The answer? I am not sure. But there is, in fact, a “business card toy ECG” on the market. At least there is as this blog goes to press. You figure it out. And if you are smart, talk to your lawyer about your thinking before you run too far with it.

Advertisements

Is Quicker Really Better? The Overhaul of the 510(k) Process

By: Melissa M. Turczyn

On January 19, 2011, the Food and Drug Administration (the “FDA”) announced 25 steps it intends to take before year end to improve the agency’s 510(k) clearance program for medical devices. The purpose of the program is to allow medical devices to be marketed if the applicant can show that the device is substantially equivalent to a device already on the market.

In recent years, the FDA has come under increasing scrutiny by both medical device companies and outspoken critics who claimed the current process was inconsistent and slow, and has resulted in unsafe devices being cleared. The newly released action items, selected from a broader group which included more controversial proposals, are intended to speed along the approval process for medical devices (with most devices being cleared in roughly five months), while maintaining a commitment to public safety.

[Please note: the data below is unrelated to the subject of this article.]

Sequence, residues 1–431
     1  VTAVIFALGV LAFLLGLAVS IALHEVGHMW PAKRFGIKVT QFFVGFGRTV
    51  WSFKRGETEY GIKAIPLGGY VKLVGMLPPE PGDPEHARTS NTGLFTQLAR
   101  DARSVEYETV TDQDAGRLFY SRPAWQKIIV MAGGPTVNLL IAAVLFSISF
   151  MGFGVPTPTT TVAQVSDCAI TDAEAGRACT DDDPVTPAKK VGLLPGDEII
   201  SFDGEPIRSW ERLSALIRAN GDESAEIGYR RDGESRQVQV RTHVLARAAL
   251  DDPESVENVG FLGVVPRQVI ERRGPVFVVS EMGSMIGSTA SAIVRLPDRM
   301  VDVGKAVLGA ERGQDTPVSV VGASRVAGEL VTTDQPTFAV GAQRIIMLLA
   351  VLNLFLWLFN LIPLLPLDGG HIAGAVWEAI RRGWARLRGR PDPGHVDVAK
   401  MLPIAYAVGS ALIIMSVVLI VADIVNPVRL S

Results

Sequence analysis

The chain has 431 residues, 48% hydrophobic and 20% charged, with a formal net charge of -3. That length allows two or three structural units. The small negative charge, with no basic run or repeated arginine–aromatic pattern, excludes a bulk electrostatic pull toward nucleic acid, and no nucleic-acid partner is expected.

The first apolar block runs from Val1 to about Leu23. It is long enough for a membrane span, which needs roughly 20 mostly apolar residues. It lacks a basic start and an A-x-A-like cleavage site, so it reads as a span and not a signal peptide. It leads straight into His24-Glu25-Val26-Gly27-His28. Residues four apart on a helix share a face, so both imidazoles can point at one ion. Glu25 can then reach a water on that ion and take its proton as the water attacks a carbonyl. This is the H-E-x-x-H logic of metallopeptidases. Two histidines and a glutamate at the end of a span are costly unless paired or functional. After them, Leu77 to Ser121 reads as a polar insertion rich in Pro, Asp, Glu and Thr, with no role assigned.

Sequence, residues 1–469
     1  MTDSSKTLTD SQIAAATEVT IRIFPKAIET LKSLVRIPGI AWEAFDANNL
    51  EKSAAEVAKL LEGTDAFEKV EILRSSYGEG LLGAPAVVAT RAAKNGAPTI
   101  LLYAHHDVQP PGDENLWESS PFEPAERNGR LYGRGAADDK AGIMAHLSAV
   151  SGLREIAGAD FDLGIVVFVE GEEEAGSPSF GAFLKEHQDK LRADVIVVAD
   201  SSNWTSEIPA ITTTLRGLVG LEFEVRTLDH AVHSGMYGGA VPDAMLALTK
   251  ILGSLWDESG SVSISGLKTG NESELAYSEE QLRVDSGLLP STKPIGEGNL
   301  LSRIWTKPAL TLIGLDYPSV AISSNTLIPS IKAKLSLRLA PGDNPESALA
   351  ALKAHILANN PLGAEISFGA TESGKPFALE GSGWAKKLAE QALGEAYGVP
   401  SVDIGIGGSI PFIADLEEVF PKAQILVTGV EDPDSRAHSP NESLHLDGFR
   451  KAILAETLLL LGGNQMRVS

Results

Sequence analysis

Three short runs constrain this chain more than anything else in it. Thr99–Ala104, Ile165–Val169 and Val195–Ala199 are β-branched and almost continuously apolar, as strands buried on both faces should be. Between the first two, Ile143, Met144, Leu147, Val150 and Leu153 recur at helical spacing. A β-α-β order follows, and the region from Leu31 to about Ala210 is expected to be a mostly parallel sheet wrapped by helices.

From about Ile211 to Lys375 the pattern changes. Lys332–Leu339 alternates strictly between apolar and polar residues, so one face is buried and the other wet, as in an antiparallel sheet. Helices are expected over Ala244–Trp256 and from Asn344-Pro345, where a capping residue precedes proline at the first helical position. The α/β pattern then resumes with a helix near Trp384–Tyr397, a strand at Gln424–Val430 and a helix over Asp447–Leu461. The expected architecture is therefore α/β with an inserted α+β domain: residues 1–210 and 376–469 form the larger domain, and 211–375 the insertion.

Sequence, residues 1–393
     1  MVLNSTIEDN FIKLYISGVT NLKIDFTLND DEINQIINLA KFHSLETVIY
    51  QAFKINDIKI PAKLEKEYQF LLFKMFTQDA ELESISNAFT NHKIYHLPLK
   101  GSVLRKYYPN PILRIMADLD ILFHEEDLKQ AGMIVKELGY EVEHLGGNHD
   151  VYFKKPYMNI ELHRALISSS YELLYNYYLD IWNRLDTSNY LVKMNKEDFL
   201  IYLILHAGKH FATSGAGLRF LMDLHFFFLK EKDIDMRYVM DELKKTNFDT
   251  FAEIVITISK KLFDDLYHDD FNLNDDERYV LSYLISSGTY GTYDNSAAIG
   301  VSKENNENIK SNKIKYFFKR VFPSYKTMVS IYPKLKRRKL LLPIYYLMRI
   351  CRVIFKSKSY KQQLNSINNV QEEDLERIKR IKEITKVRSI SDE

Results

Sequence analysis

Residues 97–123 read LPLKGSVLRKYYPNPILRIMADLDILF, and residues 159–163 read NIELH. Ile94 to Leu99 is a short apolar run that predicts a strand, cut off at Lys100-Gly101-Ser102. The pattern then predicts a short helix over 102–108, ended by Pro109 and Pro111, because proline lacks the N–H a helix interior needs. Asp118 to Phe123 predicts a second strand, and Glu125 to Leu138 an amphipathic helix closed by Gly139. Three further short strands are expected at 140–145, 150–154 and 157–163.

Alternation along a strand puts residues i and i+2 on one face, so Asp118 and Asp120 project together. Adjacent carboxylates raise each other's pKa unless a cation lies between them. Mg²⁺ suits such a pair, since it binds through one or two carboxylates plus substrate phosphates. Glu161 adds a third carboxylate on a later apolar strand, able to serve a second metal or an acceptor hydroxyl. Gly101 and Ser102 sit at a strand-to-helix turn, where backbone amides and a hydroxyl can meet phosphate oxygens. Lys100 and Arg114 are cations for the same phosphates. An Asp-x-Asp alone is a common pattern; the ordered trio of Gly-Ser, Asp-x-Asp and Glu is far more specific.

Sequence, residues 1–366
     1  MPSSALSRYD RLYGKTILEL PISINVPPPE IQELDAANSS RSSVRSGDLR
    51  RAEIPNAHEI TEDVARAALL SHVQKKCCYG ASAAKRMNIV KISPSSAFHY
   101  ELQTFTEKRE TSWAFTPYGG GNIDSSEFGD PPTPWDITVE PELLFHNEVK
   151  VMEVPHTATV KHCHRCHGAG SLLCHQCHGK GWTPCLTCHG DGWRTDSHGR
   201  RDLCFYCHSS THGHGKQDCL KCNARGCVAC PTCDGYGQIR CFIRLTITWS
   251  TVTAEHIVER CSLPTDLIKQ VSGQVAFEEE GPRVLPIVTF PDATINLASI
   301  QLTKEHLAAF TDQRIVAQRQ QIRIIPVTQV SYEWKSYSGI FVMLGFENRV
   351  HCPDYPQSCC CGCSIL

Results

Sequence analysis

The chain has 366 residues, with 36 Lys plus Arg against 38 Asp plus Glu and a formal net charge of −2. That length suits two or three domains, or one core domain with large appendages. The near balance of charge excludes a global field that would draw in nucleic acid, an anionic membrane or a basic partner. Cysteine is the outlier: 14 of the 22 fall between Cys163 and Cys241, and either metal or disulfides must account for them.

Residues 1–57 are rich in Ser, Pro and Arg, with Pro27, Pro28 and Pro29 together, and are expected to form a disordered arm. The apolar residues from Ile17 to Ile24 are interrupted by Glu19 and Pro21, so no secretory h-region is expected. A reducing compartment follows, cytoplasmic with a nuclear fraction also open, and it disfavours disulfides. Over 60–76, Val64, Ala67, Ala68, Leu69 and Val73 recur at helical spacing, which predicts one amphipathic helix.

Action Items to be Completed before December 31, 2011:

1.The FDA will create Draft Guidance for each of the following, beginning June 15, 2011:

a. 510(k) Modifications;

b. Clinical Trials;

c. Evaluation of Automatic Class III Designations (De Novo);

d. Standards;

e. Appeals;

f. 510(k) Paradigm;

g. Pre-Submission Interactions; and

h. Product Codes.

2.  Beginning March 31, 2011, the FDA will modify certain internal and administrative matters, including the establishment of a Center Science Council, the enhancement of training provided to its internal staff and the development of a network of external experts to leverage scientific expertise found in the outside marketplace.

3.  Also beginning March 31, 2011, the FDA will begin certain programmatic and regulatory initiatives to implement new programs and improve existing processes. For example, a public meeting will be held on April 7th and 8th to provide additional information about the viewing of device photos in a public database without the disclosure of any unique proprietary information of the devices.

The Institute of Medicine (the “IOM”) is also conducting an independent evaluation of the process and will provide feedback to the FDA on certain controversial issues, including the scope and grounds for rescinding a 510(k) clearance, providing greater authority for postmarket surveillance, and providing clarification on when a device should no longer be available for use as a predicate.

Although early commentators are encouraged by the proposed changes, the action items are still only proposals, meaning the final look and operation of the 510(k) clearance process remain to be seen.